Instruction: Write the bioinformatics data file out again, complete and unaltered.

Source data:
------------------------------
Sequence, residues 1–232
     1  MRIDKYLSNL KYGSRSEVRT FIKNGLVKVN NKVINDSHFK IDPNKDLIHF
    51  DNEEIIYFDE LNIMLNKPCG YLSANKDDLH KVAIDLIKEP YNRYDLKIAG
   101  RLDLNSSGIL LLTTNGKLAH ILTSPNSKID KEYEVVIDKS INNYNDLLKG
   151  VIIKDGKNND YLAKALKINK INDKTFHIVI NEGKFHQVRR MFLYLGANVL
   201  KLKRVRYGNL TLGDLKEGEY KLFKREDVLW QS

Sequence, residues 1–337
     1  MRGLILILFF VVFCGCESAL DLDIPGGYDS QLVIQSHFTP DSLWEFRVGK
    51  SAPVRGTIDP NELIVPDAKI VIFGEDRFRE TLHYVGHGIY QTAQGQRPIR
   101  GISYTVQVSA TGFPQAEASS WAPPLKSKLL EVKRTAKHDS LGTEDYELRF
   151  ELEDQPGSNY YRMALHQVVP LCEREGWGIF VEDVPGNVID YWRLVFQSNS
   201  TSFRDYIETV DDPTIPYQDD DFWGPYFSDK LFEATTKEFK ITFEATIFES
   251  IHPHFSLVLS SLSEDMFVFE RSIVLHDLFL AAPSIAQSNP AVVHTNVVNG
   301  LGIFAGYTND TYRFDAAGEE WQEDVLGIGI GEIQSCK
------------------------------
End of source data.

Sequence, residues 1–232
     1  MRIDKYLSNL KYGSRSEVRT FIKNGLVKVN NKVINDSHFK IDPNKDLIHF
    51  DNEEIIYFDE LNIMLNKPCG YLSANKDDLH KVAIDLIKEP YNRYDLKIAG
   101  RLDLNSSGIL LLTTNGKLAH ILTSPNSKID KEYEVVIDKS INNYNDLLKG
   151  VIIKDGKNND YLAKALKINK INDKTFHIVI NEGKFHQVRR MFLYLGANVL
   201  KLKRVRYGNL TLGDLKEGEY KLFKREDVLW QS

Sequence, residues 1–337
     1  MRGLILILFF VVFCGCESAL DLDIPGGYDS QLVIQSHFTP DSLWEFRVGK
    51  SAPVRGTIDP NELIVPDAKI VIFGEDRFRE TLHYVGHGIY QTAQGQRPIR
   101  GISYTVQVSA TGFPQAEASS WAPPLKSKLL EVKRTAKHDS LGTEDYELRF
   151  ELEDQPGSNY YRMALHQVVP LCEREGWGIF VEDVPGNVID YWRLVFQSNS
   201  TSFRDYIETV DDPTIPYQDD DFWGPYFSDK LFEATTKEFK ITFEATIFES
   251  IHPHFSLVLS SLSEDMFVFE RSIVLHDLFL AAPSIAQSNP AVVHTNVVNG
   301  LGIFAGYTND TYRFDAAGEE WQEDVLGIGI GEIQSCK